Credit card consulting firms are beginning to look more like their clients lately. At least two such firms have applied for charters to open credit card banks, and others have considered doing so.

Card Issuer Program Management, the consulting firm started by former Wachovia Corp. executive Jerry D. Craft, applied to the Georgia Department of Banking and Finance a couple of weeks ago to establish Infinova Bank. The Atlanta-based firm expects to receive approval within several months.

Another consulting firm, First Annapolis, also plans to open a limited purposed credit card bank. The Linthicum, Md.-based firm filed an application with the Office of the Comptroller of the Currency. Frederick A. White, president of First Annapolis, declined to elaborate on its strategy.

Card Issuer Program Management, which offers card portfolio management services, sees Infinova Bank as an opportunity to work with nonfinancial businesses such as cable and utility companies.

William Farr 3d, who would be chief executive officer of Infinova, said the bank would expand "our capability to serve a broader array of clients in the nonfinancial sector."

Currently, Mr. Farr is a consultant for Card Issuer Program Management, which is now a subsidiary of Infinova Corp., a holding company created to accommodate a bank charter.

Infinova would create a cobranded card that could offer customers special benefits such as discounts and rebates.

Mr. Farr said Infinova will seek companies that typically bill their customers for services on a monthly basis, and therefore have an ongoing relationship with the cardholder.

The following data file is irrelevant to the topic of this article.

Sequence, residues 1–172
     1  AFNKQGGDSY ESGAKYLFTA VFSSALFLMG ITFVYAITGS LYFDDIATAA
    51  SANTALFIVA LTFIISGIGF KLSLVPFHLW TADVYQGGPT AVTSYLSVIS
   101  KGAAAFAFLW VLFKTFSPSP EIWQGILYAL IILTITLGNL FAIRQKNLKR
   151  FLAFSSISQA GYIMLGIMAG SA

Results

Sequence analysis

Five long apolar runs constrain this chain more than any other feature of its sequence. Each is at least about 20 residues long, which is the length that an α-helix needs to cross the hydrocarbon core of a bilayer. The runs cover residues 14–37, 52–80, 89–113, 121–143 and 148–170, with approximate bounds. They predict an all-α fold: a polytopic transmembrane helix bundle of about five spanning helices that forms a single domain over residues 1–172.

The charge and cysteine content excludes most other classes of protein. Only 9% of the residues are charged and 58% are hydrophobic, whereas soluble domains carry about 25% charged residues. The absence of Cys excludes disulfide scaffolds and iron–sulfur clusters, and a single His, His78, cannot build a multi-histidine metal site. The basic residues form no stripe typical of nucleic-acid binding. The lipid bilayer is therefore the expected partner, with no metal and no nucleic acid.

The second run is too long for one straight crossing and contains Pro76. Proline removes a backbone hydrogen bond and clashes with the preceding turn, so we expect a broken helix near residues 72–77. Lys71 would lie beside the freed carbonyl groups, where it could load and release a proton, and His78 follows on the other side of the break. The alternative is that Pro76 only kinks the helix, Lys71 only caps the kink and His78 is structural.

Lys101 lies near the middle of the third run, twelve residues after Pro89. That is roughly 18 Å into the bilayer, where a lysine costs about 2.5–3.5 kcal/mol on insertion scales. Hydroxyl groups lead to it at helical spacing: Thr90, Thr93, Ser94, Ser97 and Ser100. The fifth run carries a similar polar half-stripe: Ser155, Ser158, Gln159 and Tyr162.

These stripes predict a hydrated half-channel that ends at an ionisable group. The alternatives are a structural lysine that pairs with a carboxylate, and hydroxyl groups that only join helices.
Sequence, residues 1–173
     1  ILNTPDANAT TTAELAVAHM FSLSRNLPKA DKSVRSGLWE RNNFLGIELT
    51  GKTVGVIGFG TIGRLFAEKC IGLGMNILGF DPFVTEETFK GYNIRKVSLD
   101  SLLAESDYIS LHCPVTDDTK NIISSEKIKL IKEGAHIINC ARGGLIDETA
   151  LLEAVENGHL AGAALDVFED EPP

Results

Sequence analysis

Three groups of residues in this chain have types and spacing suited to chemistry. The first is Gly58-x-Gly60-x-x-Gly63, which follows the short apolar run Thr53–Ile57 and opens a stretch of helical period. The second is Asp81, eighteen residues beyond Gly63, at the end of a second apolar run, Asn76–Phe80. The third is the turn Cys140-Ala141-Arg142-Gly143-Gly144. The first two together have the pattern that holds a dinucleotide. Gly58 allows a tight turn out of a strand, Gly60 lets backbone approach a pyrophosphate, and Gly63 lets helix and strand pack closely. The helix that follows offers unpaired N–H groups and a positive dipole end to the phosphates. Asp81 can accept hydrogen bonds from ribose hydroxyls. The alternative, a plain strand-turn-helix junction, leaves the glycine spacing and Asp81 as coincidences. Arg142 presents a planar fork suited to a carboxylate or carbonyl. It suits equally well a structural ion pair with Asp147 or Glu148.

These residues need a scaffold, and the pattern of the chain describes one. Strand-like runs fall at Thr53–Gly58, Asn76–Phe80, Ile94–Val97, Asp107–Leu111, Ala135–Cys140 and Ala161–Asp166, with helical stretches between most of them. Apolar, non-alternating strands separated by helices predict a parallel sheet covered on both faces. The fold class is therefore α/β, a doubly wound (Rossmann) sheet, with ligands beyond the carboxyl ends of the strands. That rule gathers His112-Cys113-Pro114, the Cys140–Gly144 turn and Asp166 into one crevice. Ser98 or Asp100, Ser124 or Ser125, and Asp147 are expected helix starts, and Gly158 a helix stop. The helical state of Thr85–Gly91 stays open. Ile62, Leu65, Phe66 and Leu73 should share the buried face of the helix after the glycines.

Infinova might also issue credit cards for other banks-for example, those that used it to hold all or some of their card receivables.

Michael Auriemma, president of Auriemma Consulting Group, Westbury, N.Y., said it had rejected the idea of starting a bank.

"One of the reasons we decided not to do it now is because we don't want to compete against our clients," he said.

Irving J. Levin, chief executive of Renaissance Bankcard Services, which was one of the first consulting firms in 1992 to offer bank services, said such an arrangement need not create conflicts of interest if the bank remained small and niche-oriented.

Renaissance offers its bank services through Orchard Bank, Ontario, Ore., which focuses on the secured credit card market.

Mr. Farr said the dominant brand of cards issued by Infinova would be that of the partner; "Infinova" would not appear on the card.

Mr. Farr, a 20-plus-year veteran of Wachovia Bank, which was previously called First Atlanta, worked with Mr. Craft for eight years before he left the bank to become president of Georgia Federal Bank.

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